In response to biomechanical stresses placed on a nerve as an individual assumes a posture or movement, the nerve follows the path of least resistance.29 Combinations of tensile, shear, and compressive stresses result in combinations of nerve excursion, strain, and transverse contraction. Because the biomechanical forces on the nerve are so intricately linked, the sequencing and range of joint movement affect the magnitude and direction of excursion,27,29 the magnitude of nerve strain,27,29,35 and the degree of transverse contraction at different sites along the nerve.27 An extensive review of the literature has allowed us to formulate tables of the normal ranges of excursion (Tab. 1) and strain (Tab. 2) in 2 upper-extremity nerves measured subsequent to movements of the upper extremity. It is important to note that the magnitude of strain achieved with normal range of motion approaches or exceeds the magnitude known to result in physiological changes in the nerve. In comparing data from different studies, one must make note of the test position, location of the measurement, measurement tools, and type of specimen used in each study.
Simultaneous nerve excursion, strain, and transverse contraction may be seen in the ulnar nerve as an example of responses to physical stresses imposed during movements of the upper limb. When the upper limb is maintained in a position of 90 degrees of shoulder abduction and 90 degrees of shoulder external rotation with the wrist neutral, and when the elbow is moved from 90 degrees of flexion to full extension, the ulnar nerve bed is shortened and the tensile stress on the nerve is decreased. With this motion, there is divergence of the ulnar nerve away from the elbow (Fig. 5), decreased nerve strain, especially at the elbow (Fig. 6), and decreased compression within the cubital tunnel.27,29,33 When the wrist then is extended from neutral to full extension, the ulnar nerve bed is lengthened, resulting in convergence of the nerve toward the wrist (Fig. 5), an increase in nerve strain (Fig. 6), and transverse contraction greatest in the nerve segment across the carpal bones and at the tunnel of Guyon.27,29,33 The magnitude of nerve strain and excursion will be greatest near the wrist, and the fascicles will rearrange as the nerve assumes a flattened oval shape. Because the nerve does not lie directly on the rotational axis of joint motion, the fascicles farthest from the axis will undergo greater strain than those closer to the center of rotation51 The magnitude of these biomechanical effects will depend upon the rate at which the limbs are moved, the time spent in each position, and the temporal aspects of the movement if the motion is repetitive. A thorough understanding of the anatomical and biomechanical relationships of nerves and surrounding tissues is necessary to interpret the responses of patients to postures and movements of the trunk, head, and limbs.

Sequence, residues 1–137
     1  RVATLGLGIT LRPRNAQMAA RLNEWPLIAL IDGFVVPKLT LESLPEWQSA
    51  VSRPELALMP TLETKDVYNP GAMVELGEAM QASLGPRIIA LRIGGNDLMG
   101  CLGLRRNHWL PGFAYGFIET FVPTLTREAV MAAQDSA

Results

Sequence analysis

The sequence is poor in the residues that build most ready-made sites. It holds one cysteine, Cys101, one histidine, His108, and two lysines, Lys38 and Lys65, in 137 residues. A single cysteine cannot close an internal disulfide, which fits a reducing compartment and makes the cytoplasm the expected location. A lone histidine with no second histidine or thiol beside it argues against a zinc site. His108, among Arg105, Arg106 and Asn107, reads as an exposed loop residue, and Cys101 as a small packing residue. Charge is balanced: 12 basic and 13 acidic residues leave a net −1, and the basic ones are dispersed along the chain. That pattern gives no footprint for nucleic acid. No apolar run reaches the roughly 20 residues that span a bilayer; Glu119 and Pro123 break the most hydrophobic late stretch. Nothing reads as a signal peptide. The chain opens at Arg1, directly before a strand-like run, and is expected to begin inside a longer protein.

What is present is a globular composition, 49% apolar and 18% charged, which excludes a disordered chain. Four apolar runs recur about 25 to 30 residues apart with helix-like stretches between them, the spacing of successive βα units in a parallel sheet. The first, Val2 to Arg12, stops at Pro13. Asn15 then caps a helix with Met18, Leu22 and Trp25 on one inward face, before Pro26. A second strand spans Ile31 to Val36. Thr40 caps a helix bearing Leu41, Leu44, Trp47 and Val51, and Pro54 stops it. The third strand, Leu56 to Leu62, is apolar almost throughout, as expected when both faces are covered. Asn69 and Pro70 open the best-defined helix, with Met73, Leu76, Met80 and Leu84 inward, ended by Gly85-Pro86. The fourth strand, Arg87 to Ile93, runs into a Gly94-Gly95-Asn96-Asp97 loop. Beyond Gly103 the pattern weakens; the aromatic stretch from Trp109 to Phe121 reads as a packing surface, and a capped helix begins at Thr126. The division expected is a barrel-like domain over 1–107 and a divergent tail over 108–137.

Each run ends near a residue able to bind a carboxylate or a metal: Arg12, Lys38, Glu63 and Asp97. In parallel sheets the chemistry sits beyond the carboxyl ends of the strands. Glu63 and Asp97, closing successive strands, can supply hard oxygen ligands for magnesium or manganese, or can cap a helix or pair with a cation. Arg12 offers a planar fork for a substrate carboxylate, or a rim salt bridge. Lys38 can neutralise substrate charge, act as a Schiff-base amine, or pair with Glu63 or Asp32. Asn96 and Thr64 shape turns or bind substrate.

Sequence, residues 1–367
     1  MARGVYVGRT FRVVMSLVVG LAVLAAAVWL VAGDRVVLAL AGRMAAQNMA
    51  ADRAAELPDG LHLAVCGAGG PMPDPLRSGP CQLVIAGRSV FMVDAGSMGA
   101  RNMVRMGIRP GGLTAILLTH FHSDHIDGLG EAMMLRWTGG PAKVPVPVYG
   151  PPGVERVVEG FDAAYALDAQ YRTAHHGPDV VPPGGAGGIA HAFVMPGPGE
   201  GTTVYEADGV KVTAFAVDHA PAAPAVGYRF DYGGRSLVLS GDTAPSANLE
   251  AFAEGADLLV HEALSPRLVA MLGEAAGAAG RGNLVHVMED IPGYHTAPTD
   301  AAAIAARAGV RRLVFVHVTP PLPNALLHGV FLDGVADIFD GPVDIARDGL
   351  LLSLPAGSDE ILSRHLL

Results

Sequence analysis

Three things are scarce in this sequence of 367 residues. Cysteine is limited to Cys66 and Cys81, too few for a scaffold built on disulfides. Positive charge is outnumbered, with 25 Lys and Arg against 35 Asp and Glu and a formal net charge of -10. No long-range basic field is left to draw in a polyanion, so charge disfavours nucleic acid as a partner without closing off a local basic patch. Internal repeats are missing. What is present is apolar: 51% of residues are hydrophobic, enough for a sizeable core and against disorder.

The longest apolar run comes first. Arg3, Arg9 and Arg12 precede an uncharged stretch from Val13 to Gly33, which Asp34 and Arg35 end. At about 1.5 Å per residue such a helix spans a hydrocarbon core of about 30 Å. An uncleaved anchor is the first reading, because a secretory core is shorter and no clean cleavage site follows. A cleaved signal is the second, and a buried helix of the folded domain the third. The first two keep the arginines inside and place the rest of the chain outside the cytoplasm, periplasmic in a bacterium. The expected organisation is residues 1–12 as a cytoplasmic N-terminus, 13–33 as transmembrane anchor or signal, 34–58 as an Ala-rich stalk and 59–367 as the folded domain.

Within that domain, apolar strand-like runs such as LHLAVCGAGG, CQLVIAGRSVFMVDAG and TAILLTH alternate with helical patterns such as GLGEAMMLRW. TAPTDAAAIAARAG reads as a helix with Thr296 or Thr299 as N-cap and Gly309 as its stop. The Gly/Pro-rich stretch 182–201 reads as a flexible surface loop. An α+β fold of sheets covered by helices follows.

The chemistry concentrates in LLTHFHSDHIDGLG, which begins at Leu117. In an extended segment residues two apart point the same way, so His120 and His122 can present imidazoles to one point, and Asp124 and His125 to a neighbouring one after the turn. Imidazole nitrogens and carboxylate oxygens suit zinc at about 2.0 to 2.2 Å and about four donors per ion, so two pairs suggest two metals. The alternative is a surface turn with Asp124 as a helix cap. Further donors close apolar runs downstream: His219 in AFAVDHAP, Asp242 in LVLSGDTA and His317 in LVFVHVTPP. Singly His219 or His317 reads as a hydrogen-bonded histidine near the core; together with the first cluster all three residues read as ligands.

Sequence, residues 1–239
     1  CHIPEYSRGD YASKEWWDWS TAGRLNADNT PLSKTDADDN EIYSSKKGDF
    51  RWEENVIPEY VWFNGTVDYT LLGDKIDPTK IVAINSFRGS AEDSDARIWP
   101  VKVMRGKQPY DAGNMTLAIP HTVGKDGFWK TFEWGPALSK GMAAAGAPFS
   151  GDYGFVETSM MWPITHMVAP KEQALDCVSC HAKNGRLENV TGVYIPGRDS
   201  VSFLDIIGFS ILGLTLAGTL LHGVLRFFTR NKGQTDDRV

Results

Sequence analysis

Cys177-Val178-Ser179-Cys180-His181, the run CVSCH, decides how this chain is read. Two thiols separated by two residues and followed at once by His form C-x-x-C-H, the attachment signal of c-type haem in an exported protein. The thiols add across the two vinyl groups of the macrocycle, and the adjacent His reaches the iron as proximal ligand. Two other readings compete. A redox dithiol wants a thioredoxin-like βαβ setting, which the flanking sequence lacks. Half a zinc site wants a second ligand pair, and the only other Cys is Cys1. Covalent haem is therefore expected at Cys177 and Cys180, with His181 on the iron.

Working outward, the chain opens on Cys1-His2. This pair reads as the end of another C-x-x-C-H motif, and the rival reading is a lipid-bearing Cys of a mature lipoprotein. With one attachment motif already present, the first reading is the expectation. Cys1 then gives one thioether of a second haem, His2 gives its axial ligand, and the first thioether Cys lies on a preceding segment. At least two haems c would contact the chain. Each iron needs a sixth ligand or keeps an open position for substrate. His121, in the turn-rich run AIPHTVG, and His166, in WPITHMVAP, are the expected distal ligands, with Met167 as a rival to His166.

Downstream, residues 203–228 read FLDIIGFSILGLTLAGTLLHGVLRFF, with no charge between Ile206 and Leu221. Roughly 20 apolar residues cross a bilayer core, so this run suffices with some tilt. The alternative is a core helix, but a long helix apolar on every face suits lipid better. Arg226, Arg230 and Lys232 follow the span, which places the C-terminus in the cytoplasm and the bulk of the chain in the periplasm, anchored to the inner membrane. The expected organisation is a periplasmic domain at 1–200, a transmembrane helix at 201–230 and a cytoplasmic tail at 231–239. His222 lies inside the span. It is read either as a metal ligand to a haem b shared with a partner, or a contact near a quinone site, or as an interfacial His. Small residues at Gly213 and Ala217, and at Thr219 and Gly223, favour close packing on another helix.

Responses of Nerves to Physical Stresses
The structural and biomechanical properties of a normal nerve may be modified as the nerve responds to the physical stresses placed upon it through extrinsic movements and postures. In this discussion, physical stress is defined as the force or load acting on a given area of tissue.23–25 As put forth by Mueller and Maluf2 in their Physical Stress Theory, the level of physical stress placed on a biological tissue dictates the adaptive response of the tissue. Several concepts outlined in the Physical Stress Theory expand on this tenet.
First, levels of physical stress lower than the levels required for tissue maintenance (low stress) result in a reduced ability of the tissue to tolerate subsequent stress and are consistent with tissue plasticity and response to functional demand. Second, levels of physical stress in the range required for tissue maintenance (normal stress) result in no tissue adaptations and are considered to maintain a state of equilibrium. Third, physical stress levels that exceed the range required for tissue maintenance (high stress) result in an increase in the tolerance of the tissue for stress in an effort to meet the mechanical demand. Fourth, physical stress levels that exceed the capacity of some components of the tissue (excessive stress) result in tissue injury. Fifth, levels of physical stress that are extreme (extreme stress) result in tissue death. Finally, it is important to note that the physical stress level is a composite value with variable components of magnitude, time, and direction or type of stress. We have reviewed the literature to clarify how peripheral nerves adapt to physical stresses and provide information to help guide physical therapy interventions when disuse, overuse, or injury have altered the functional zone of the nerve (Fig. 9). In the functional zone, the physical stresses on the nerve are sufficient to maintain a state of equilibrium and normal physiological function. In the dysfunctional zone, various levels of physical stress have altered the ability of the nerve to tolerate subsequent stress.